Tiger vs Shark – Sport

Tiger vs Shark – Sport

A golf cart said Tiger Woods, is not an option. When the 46-year-old entered the small press stage in the Bahamas on Tuesday afternoon, you could see that the best golfer of all time still has physical problems: when sitting down, but especially when getting up. “I can hit the ball and take any shot, but I can’t walk,” Woods said. It was the rationale for not competing in Thursday’s Hero World Challenge, just watching.

He continues to be a competitive player, Woods said. But he has to come to terms with the new realities after the aftermath of his car accident in February 2021, which shattered his knee. So: selected tournament starts and fewer public appearances. However, part of the strategy is not to play tournaments in the future without walking across the course himself: he, the great Tiger Woods, will not sit in a golf cart at regular tournaments and will get out from time to time to hit the ball.

The stance on the golf cart is a prime example of how Woods sees his sport: a dignified, athletic competition in which his only concern is victory, won fairly. And that’s why it’s also obvious why Woods has a lasting problem with the LIV tour, the tournament series financed by Saudi Arabia, which has distributed hundreds of millions of players since the spring, who are then supposed to play invitational tournaments.

“I moved to a tour where I can make a lot of money, but I haven’t won any tournaments that are of value or put me in the Hall of Fame” – that’s the phrase that all the LIV players say, according to Woods could say at some point looking back on their careers. For him it is therefore completely incomprehensible how one could spend his time on the Saudi tour.

The rare press conferences with Woods are now reminiscent of the US President’s “State of the Union” speech

On the podium in Albany, Woods had long since returned to the role he was in golf should play from now on when he is no longer on the pitch week in and week out. The rare press conferences with him have long since taken on a special position in sport, reminiscent of the US President’s “State of the Union” speech. It’s about more than Woods’ health, it’s about his view of the golf world that he helped create – and from which he would particularly like to exclude one character.

“I think Greg has to go,” Woods said. His words were aimed squarely at Greg Norman, 67, CEO of the LIV Tour and the ultimate villain in the traditional golfing community’s perspective. The two quarreling parties – the PGA Tour on the one hand and the Saudi Tour on the other – find themselves in a complex situation of sports law and media disputes, which – at least from Wood’s point of view – would be easier to solve if Norman than head of the organization would take his hat off. On Tuesday, Woods did not want to outline what exactly a compromise could look like. But the message alone was valuable: there could be a meeting when Norman left and LIV’s claims in the courts were dropped.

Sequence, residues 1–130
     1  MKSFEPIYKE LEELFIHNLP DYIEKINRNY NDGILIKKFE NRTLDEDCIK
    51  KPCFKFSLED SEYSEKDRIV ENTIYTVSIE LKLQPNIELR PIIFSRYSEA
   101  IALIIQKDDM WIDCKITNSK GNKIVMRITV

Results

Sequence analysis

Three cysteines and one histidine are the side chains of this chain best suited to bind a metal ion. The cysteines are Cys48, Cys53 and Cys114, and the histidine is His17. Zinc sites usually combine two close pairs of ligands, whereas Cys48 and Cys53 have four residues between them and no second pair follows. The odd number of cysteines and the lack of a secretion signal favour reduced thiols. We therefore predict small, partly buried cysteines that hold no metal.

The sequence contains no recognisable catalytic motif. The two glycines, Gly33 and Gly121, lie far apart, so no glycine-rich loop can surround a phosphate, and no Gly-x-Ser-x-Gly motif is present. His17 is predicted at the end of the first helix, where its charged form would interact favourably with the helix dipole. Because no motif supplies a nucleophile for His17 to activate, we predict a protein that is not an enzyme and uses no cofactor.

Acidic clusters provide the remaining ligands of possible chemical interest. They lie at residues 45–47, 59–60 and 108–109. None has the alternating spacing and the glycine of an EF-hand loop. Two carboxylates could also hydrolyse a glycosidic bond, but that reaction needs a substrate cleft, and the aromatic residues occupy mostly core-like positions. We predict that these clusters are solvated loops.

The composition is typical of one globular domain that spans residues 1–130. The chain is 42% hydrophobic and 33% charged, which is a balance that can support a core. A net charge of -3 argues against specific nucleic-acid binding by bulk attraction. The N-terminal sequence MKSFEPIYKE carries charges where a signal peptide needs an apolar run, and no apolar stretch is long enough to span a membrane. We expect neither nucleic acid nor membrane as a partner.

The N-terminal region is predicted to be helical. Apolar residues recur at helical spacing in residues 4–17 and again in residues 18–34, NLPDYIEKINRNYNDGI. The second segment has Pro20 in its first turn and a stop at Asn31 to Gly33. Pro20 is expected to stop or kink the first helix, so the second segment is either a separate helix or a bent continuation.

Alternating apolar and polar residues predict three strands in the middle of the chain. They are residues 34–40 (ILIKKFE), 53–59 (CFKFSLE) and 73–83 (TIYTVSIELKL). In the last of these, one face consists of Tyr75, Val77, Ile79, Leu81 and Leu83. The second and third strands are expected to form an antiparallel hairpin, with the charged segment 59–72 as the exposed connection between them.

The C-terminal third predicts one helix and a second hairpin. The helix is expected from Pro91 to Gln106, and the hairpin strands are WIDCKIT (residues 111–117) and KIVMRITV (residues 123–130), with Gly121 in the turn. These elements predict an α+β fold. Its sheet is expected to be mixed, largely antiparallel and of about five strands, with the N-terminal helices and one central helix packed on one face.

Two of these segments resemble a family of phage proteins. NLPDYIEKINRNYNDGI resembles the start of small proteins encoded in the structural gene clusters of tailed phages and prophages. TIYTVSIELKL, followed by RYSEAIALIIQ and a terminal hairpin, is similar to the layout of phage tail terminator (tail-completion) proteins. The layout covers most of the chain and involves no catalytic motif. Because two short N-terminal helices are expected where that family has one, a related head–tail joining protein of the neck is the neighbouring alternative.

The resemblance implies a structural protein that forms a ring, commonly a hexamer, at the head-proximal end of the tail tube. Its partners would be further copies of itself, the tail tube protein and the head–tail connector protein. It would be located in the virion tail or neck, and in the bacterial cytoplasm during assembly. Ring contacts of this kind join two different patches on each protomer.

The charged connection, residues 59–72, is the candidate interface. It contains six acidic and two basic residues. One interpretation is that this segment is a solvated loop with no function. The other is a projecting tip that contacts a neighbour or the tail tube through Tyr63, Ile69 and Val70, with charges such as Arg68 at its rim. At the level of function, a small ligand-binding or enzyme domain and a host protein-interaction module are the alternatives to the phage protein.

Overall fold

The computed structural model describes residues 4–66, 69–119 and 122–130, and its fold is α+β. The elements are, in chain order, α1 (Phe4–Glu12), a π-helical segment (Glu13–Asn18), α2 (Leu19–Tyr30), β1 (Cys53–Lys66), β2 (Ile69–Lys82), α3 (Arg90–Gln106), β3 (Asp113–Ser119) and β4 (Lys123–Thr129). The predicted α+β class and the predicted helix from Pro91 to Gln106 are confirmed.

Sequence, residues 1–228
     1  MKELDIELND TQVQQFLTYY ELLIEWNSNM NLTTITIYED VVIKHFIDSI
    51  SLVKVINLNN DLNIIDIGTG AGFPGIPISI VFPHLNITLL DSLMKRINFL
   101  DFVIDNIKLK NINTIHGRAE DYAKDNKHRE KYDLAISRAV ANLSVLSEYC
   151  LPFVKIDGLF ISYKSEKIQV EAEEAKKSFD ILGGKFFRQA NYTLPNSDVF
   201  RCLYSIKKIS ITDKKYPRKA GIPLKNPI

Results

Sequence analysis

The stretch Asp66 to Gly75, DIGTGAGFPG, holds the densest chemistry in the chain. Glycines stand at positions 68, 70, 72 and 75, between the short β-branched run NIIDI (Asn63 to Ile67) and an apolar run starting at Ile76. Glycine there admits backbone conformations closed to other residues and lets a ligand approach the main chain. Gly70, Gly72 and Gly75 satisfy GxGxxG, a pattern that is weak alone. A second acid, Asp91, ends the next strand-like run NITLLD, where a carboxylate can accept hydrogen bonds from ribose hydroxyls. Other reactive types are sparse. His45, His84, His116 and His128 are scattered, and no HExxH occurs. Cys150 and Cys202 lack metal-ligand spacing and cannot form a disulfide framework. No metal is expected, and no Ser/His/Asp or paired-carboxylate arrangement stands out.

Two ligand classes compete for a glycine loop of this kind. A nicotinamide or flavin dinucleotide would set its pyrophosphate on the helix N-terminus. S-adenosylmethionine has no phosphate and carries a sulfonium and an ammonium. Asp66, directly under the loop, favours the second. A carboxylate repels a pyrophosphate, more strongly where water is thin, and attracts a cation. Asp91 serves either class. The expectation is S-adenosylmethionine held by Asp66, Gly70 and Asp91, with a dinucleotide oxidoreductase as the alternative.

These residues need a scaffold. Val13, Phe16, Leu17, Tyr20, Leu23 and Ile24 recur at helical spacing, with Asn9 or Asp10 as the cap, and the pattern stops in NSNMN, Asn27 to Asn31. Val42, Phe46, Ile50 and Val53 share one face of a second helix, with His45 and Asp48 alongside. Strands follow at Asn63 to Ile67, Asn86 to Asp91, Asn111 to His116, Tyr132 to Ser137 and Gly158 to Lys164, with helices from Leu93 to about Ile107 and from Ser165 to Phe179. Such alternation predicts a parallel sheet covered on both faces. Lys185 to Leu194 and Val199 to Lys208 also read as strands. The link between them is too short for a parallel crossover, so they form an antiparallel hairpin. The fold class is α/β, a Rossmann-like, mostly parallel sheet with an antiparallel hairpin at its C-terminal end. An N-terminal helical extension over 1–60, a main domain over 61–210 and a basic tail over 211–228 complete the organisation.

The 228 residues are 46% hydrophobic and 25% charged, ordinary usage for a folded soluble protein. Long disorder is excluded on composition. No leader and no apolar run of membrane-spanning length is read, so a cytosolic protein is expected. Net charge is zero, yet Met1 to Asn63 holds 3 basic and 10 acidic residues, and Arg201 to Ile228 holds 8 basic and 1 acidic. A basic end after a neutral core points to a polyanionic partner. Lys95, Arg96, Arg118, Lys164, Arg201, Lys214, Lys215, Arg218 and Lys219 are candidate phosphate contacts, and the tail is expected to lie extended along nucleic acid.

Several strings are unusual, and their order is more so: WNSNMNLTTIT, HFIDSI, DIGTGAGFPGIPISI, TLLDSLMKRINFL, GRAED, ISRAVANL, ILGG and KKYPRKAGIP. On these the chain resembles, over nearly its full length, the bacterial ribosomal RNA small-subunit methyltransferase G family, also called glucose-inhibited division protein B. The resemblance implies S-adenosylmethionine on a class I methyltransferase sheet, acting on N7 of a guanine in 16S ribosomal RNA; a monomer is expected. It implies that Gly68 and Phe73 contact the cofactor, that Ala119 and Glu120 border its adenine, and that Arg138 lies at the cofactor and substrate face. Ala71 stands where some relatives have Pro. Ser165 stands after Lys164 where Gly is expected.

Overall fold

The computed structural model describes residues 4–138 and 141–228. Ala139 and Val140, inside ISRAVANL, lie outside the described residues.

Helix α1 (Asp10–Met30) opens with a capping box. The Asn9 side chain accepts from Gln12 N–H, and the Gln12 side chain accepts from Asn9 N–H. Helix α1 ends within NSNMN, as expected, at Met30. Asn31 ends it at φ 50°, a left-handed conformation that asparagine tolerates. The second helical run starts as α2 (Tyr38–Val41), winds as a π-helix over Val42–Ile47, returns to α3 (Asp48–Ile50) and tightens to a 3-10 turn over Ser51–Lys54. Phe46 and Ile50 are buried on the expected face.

A week ago, Woods’ close friend and business partner, world number one Rory McIlroy from Northern Ireland, had already chosen similar words towards Norman – but with the Americans they still have a historical note: Woods is working on dismantling a player he has never suffered before could.

Woods’ hometown club The Medalist in Florida was founded by Norman, both live in the same neighborhood

In the 1990s, Norman, a handsome, blond Australian with a furious golf game, an oversized sun hat and the trademark nickname “The Shark” was the best golfer in the world – until a barely-grown Californian replaced him . Woods was ranked number one in the world in 1997 and dominated the sport in the years that followed, in part because he surrounded himself with the people who previously made Norman great, like coach Butch Harmon and caddy Steve Williams. The only thing he didn’t want to have anything to do with was the Australian himself, not as a young player and not later in his career. There would have been plenty of opportunities: Norman founded Woods’ hometown club The Medalist in Florida and they both live in the same neighborhood.

“We like a lot of similar things,” Norman told golf journalist Michael Bamberger in 2020: “Diving, boating, life on Jupiter Island, golf. From my point of view, it would be easy to have a relationship with him.” He used to write him congratulatory cards after victories, but never received an answer. When Woods played a benefit round at Norman’s Medalist Club with Phil Mickelson and football quarterbacks Tom Brady and Peyton Manning in May 2020, he would have liked to invite the four athletes to a barbecue. The meeting never took place.

Woods’ antipathy to Norman stems from issues of style and propriety – disciplines in which the not always politically correct Norman and Woods differed – above all because the Australian has always challenged the traditional golf ecosystem and done his own thing wanted to. Unlike Woods, who wanted the very system that had given him the opportunity to succeed to thrive. When the Saudis then agreed to back Norman’s plan for a rival tour with their oil billions, Norman saw a unique opportunity.

In return, he was excluded from the community, which was always critical of him anyway. When the past winners were honored at the 150th British Open in July, Norman was not invited – although he had won once. Woods and McIlroy are now the two spokesmen who want to publicly saw off the CEO of the enemy organization, who, however, will probably not simply resign of his own accord. It is also unclear whether the two really speak for all PGA Tour players – and whether their words will achieve anything at all. Because whether Norman continues to determine the LIV course is decided solely by his financiers in Saudi Arabia.

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